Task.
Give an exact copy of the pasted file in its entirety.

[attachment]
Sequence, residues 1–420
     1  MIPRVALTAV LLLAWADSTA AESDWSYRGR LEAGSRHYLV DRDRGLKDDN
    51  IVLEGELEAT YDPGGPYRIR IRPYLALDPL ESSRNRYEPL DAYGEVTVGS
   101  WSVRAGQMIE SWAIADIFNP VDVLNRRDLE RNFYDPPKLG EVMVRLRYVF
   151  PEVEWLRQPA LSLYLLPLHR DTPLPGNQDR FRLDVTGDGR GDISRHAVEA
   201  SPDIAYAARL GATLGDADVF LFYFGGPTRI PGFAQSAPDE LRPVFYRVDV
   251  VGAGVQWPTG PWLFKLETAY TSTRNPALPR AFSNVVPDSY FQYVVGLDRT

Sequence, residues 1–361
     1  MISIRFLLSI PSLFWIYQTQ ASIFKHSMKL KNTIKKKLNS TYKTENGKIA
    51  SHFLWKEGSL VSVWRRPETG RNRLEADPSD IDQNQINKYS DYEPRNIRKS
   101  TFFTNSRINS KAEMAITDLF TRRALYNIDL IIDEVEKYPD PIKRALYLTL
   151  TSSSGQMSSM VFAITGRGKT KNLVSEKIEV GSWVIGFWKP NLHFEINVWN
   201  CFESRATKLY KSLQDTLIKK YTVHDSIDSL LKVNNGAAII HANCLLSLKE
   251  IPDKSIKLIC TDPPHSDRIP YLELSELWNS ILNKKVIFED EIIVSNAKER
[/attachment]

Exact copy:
Sequence, residues 1–420
     1  MIPRVALTAV LLLAWADSTA AESDWSYRGR LEAGSRHYLV DRDRGLKDDN
    51  IVLEGELEAT YDPGGPYRIR IRPYLALDPL ESSRNRYEPL DAYGEVTVGS
   101  WSVRAGQMIE SWAIADIFNP VDVLNRRDLE RNFYDPPKLG EVMVRLRYVF
   151  PEVEWLRQPA LSLYLLPLHR DTPLPGNQDR FRLDVTGDGR GDISRHAVEA
   201  SPDIAYAARL GATLGDADVF LFYFGGPTRI PGFAQSAPDE LRPVFYRVDV
   251  VGAGVQWPTG PWLFKLETAY TSTRNPALPR AFSNVVPDSY FQYVVGLDRT

Sequence, residues 1–361
     1  MISIRFLLSI PSLFWIYQTQ ASIFKHSMKL KNTIKKKLNS TYKTENGKIA
    51  SHFLWKEGSL VSVWRRPETG RNRLEADPSD IDQNQINKYS DYEPRNIRKS
   101  TFFTNSRINS KAEMAITDLF TRRALYNIDL IIDEVEKYPD PIKRALYLTL
   151  TSSSGQMSSM VFAITGRGKT KNLVSEKIEV GSWVIGFWKP NLHFEINVWN
   201  CFESRATKLY KSLQDTLIKK YTVHDSIDSL LKVNNGAAII HANCLLSLKE
   251  IPDKSIKLIC TDPPHSDRIP YLELSELWNS ILNKKVIFED EIIVSNAKER